Lutherans believe it is indeed a sacrament. In the Small Catechism, under "The Sacrament of the Altar," we teach:

What is the Sacrament of the Altar?

It is the true body and blood of our Lord Jesus Christ under the bread and wine, instituted by Christ Himself for us Christians to eat and to drink.

46 posted on 10/18/2011 3:47:06 PM PDT by Charles Henrickson (Lutheran pastor, LCMS)
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To: Charles Henrickson
Correct. This seminarian is all wet and needs to go back and read Canon 844 more carefully. Maybe he needs to repeat a year or two, or take a remedial reading course.

As it happens, I'm very familiar with 844, because when we left the Episcopal Church and went Straight Over to Rome, we consulted with our new rector regarding reception of the Eucharist before we were confirmed. He relied upon the precedent in the chancery of a couple who were ultra-high-church Piskies (as we were) who received in the Catholic Church in remote North Georgia because the local Episcopal parish was "low". Thus sec. 4 of Canon 844:

If there is a danger of death or if, in the judgement of the diocesan Bishop or of the Episcopal Conference, there is some other grave and pressing need, catholic ministers may lawfully administer these same sacraments to other christians not in full communion with the catholic Church, who cannot approach a minister of their own community and who spontaneously ask for them, provided that they demonstrate the catholic faith in respect of these sacraments and are properly disposed.
Since we met these requirements vis a vis belief in the doctrines of the Church, including the Real Presence (I told you we were "high"), and our own ministers were unavailable because the Episcopalians had all gone stark raving mad, we were allowed to receive, after making good Confessions. But only after consultation with proper authority, not on our own.

Taking Communion is a significant and symbolic act. It states that you are "in communion" with the church or denomination in which you receive -- i.e. that you subscribe to all their beliefs and are a member of that community.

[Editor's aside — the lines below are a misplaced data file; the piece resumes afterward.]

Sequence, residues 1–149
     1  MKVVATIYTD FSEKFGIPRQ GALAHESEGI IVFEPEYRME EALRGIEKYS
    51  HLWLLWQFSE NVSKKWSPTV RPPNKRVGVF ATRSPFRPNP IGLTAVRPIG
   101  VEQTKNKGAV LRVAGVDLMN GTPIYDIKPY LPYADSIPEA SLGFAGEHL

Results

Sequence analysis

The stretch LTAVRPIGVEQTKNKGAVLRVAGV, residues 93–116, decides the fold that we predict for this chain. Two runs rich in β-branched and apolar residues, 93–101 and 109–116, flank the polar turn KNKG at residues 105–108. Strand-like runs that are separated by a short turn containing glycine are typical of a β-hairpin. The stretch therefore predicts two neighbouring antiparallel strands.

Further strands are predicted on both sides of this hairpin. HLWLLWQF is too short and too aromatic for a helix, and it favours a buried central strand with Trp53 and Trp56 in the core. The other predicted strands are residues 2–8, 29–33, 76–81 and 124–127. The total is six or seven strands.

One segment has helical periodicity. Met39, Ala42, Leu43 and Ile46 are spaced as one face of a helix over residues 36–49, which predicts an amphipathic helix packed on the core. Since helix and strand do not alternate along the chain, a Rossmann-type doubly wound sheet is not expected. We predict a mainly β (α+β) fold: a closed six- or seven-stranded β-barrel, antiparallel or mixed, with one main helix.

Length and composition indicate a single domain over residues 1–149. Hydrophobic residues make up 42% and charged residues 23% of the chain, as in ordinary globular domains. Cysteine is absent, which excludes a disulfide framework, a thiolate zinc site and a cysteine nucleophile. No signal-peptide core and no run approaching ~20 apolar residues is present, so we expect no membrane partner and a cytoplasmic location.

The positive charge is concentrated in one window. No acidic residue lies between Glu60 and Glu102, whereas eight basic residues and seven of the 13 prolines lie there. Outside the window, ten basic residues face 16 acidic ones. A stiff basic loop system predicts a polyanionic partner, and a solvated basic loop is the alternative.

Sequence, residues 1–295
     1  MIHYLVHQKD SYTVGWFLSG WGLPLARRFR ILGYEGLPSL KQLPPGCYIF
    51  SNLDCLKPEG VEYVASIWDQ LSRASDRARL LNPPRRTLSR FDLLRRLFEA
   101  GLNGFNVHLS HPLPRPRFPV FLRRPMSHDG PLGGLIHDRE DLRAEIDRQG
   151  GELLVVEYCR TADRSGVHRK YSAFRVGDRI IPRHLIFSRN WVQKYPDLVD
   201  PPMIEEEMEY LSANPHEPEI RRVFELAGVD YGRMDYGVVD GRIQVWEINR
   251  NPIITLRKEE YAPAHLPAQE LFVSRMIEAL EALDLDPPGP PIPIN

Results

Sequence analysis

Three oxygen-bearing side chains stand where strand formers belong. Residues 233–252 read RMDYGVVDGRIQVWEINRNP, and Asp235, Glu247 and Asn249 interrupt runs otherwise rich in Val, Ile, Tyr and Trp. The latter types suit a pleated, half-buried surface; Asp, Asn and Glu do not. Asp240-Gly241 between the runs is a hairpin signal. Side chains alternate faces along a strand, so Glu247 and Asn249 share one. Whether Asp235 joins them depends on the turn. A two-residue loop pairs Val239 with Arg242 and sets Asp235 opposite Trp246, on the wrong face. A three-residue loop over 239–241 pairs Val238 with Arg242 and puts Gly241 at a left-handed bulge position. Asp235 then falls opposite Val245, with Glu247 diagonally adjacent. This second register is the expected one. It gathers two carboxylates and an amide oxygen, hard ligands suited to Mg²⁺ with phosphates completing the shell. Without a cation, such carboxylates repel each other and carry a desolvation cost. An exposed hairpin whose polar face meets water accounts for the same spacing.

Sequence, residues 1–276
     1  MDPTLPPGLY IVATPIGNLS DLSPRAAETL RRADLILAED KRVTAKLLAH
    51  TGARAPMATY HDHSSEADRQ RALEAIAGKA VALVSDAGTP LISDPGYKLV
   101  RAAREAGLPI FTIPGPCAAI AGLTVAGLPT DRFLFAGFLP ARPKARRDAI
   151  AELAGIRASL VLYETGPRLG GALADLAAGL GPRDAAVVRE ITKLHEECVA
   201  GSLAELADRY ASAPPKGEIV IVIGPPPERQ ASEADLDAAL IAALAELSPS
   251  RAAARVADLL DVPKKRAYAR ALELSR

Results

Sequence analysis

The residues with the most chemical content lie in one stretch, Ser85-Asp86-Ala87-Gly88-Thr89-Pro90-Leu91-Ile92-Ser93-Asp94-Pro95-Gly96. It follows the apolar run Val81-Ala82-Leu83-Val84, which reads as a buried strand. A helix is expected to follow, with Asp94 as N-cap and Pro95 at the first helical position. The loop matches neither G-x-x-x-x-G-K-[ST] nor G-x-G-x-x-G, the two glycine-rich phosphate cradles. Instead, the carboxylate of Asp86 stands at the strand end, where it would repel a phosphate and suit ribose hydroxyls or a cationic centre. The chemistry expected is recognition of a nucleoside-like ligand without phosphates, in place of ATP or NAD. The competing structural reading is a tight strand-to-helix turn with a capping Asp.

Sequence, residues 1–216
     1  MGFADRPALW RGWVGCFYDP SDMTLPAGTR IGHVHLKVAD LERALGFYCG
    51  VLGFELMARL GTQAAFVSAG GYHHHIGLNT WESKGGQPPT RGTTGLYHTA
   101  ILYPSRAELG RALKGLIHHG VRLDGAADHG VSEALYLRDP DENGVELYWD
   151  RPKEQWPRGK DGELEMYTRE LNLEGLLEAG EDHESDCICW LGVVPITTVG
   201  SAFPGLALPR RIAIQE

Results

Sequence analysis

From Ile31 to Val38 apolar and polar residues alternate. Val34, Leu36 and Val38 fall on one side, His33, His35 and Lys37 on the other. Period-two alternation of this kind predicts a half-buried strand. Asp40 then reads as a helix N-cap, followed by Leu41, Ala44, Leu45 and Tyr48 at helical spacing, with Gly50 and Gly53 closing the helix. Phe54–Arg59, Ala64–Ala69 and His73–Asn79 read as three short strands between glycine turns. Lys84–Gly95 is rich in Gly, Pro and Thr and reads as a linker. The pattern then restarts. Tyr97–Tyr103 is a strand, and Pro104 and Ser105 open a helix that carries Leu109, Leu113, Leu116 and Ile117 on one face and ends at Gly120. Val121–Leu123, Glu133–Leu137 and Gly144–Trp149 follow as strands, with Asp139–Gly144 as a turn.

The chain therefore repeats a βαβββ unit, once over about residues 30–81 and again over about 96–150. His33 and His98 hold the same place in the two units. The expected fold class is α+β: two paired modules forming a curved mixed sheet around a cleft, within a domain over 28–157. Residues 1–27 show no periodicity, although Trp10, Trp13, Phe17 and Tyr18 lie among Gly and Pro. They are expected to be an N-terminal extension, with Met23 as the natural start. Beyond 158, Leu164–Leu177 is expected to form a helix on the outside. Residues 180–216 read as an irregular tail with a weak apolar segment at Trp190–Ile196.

A Catholic cannot in good conscience "commune" with a church that is not in line with his beliefs, and the canons forbid his doing so. And a Lutheran, Presbyterian, Baptist, LCMS, whatever, should likewise refrain from communing with any church that does not adhere to his beliefs.

The Episcopalians, of course, don't believe in much of anything, so they let anybody come forward who feels like it. Reason # 4,729 why I am no longer an Episcopalian.

47 posted on 10/18/2011 3:53:41 PM PDT by AnAmericanMother (Ministrix of ye Chasse, TTGC Ladies' Auxiliary (recess appointment))
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To: Theo
"Or you can call us anathema, shake the dust off your holy feet, and refuse to share a sacred meal with “Protestants.”

It's not a question of insult or rejection. Catholics are convinced that the Sacrament of the Eucharist signifies,and effects, "full union," just as sexual union signifies, and effects, the Sacrament of Matrimony. This is no exaggeration, but a valid analogy, as we see it.

So I may love you with a sincere love, but that doesn't mean I'm authorized to share the act of marriage with you. That's not to anathematize you or to refuse you something you've a right to expect. That's just to say that, although we may love and respect each other abundantly(and I hope we may do so all the more), we ought not to act out a level of union which we do not, in fact, possess.

48 posted on 10/18/2011 3:57:36 PM PDT by Mrs. Don-o ("Show me one who loves: he knows what I mean." St. Augustine)
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To: AnAmericanMother

Bless you a thousand times!


49 posted on 10/18/2011 4:00:30 PM PDT by Mrs. Don-o ("Show me one who loves: he knows what I mean." St. Augustine)
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To: skeeter

My daughter went to a Lutheran church until 6th grade. She received her communion in the Lutheran church.

For middle school she went to a Catholic church. She was all excited to receive her first communion there and they yanked her from line.

Catholicism has been hijacked.

Why can’t priests reproduce? So the assets aren’t liquidated among offspring?


50 posted on 10/18/2011 4:02:55 PM PDT by bicyclerepair ( REPLACE D-W-S ! http://www.karenforcongress.com)